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Joseph Junewick, MD FACR
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Caroli Disease

Case Detail

Anatomy: Gastrointestinal
Junewick
Joseph Junewick, MD FACR
Diagnostic Category: Developmental or Congenital
Created: 4 months ago
Updated: 4 months ago
Tags: PEDS
Modality/Study Types: US MR
Activities:
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History

Toddler with hyperbilirubinemia.


Case Images


Diagnosis

Caroli Disease

Findings

US-Saccular dilation of peripheral intrahepatic bile ducts, increased periportal and parenchymal echogenicity, and smooth contour

Discussion

Caroli disease is an autosomal recessive disorder that is characterized by improper formation of the hepatic biliary system during embryogenesis. Under normal circumstances a complex process of cellular proliferation and apoptosis results in the generation of the biliary tree throughout the liver. This process begins at the hilum of the liver with formation of large bile ducts and progresses outwards towards the periphery of the liver, gradually forming the smaller hepatic bile ductules. However, in the case of Caroli’s disease this process is disrupted leading to inflammation and ultimately dilation of the large intrahepatic bile ducts. This failure to form the biliary system can lead to fibrosis and cirrhosis of the liver, portal hypertension, cholestasis, and cholangitis. In terms of symptomology, patients often present with right upper quadrant pain and fever. More severe symptoms can include jaundice and other signs associated with liver failure or sepsis. Patients with Caroli’s disease may also present with cholangiocarcinoma.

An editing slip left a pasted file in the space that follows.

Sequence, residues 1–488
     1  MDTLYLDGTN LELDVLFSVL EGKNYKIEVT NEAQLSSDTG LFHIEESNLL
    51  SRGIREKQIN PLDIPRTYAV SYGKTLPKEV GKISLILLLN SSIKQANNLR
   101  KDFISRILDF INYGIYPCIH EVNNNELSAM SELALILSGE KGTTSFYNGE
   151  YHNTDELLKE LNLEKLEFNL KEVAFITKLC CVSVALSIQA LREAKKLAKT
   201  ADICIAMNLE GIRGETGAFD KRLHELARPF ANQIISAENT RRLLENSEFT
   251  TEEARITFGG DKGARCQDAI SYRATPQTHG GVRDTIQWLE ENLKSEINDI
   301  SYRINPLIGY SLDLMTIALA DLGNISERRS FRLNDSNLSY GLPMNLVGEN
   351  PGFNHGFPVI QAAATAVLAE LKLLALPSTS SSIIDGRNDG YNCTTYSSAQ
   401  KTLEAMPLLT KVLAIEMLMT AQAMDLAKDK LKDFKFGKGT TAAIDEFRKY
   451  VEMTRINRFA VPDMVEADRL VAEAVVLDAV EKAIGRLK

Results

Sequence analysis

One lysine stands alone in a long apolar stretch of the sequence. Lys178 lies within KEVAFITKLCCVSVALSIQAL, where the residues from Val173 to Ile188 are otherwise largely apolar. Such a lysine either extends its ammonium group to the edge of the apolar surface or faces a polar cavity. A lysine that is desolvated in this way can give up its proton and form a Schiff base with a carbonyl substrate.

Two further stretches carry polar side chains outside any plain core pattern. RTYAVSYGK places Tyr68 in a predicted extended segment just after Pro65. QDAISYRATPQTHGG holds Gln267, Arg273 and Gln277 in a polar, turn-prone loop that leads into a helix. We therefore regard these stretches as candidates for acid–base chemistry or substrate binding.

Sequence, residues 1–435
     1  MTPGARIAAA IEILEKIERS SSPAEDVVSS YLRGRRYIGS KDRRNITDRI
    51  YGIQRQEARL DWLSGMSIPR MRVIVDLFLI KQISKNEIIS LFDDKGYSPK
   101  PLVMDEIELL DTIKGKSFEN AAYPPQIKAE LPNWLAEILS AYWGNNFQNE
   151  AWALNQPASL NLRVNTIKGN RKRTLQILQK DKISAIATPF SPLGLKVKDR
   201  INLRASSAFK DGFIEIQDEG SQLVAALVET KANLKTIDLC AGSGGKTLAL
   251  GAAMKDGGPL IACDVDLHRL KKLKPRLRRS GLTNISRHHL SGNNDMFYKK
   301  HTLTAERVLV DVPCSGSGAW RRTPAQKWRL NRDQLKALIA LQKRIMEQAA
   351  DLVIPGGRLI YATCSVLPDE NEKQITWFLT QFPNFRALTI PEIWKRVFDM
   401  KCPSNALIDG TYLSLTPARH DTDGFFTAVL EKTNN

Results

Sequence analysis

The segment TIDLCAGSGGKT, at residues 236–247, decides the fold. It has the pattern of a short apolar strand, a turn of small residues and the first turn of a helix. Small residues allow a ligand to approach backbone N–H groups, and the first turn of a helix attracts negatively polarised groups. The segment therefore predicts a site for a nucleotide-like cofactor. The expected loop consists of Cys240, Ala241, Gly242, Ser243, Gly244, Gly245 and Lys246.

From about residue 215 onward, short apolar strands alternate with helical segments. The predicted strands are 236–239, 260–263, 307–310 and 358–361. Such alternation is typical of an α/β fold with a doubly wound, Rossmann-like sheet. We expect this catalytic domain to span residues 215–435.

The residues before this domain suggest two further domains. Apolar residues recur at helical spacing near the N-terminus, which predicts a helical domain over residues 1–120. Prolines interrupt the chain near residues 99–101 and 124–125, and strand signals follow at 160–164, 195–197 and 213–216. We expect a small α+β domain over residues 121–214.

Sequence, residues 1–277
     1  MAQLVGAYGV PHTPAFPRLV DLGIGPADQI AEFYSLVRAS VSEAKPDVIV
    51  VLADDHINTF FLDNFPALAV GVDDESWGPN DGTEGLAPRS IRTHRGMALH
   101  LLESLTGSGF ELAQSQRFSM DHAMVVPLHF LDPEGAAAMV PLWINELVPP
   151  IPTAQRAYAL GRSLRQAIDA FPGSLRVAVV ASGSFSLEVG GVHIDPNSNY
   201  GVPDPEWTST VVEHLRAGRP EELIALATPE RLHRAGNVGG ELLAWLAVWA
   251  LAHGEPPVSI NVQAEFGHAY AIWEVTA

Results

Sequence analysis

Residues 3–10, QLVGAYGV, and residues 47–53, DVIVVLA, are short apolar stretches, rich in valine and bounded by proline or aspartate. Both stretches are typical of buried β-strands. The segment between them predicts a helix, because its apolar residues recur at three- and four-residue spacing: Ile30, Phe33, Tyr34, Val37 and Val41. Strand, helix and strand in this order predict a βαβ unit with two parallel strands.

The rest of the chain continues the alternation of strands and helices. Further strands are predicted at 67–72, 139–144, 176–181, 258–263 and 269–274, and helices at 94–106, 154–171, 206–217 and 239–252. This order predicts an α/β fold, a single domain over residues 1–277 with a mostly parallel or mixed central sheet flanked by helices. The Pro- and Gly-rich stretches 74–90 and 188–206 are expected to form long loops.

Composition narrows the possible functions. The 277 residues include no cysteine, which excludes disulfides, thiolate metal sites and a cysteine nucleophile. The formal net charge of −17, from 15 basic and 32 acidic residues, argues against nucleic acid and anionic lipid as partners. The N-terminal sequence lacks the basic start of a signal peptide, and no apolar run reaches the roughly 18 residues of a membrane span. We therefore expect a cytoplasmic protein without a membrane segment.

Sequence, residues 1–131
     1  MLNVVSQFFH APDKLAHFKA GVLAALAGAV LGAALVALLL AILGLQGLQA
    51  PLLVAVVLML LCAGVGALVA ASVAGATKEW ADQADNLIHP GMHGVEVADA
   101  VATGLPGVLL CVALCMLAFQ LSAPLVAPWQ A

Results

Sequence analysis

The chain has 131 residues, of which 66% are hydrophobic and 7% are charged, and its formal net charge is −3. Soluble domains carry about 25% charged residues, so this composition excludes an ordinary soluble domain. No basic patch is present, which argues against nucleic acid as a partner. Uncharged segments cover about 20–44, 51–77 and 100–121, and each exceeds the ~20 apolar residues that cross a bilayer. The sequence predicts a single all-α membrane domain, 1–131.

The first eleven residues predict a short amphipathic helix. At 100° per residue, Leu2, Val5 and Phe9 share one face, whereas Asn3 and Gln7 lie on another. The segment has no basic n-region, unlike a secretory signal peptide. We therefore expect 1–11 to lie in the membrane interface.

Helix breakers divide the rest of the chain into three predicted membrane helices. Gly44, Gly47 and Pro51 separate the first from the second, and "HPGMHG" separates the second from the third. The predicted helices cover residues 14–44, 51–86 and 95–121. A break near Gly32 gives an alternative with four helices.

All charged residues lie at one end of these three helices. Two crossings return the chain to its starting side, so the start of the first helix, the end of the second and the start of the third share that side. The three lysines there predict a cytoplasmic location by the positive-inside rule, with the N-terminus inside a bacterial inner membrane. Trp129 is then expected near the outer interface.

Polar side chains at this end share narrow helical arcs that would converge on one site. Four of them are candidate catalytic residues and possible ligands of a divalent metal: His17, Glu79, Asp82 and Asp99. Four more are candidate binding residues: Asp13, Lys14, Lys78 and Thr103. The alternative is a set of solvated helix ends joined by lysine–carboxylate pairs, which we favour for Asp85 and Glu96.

Imaging modalities used to diagnose Caroli’s disease include: ultrasound, endoscopic retrograde cholangiopancreatography, and magnetic resonance cholangiography. The key diagnostic feature of Caroli’s disease involves abnormalities of the intrahepatic ducts. It can be further classified based on segmental to diffuse biliary dilation, fusiform to saccular dilation, and isolated intrahepatic involvement to intra and extrahepatic involvement of this system. Other findings on imaging include irregularities of the walls of the bile ducts, strictures, stones, and periductal fibrosis. Dilation of the extrahepatic duct system (common hepatic and common bile ducts) may also occur.

The differential diagnosis when addressing a patient who potentially has Caroli’s disease includes: Primary sclerosing cholangitis, recurrent pyogenic cholangitis, polycystic liver disease, choledochal cysts, biliary papillomatosis, and obstructive biliary dilation. Although many of these diseases have similar presentation in regards to dilation of the duct system, the main factor that differentiates Caroli’s is the presence of saccular dilation of the intrahepatic biliary ducts.

Reference

Levy AD, et al.Caroli’s Disease: Radiologic Spectrum with Pathologic Correlation. AJR;179:1053-1057.

Contributor

Maxwell Phillips



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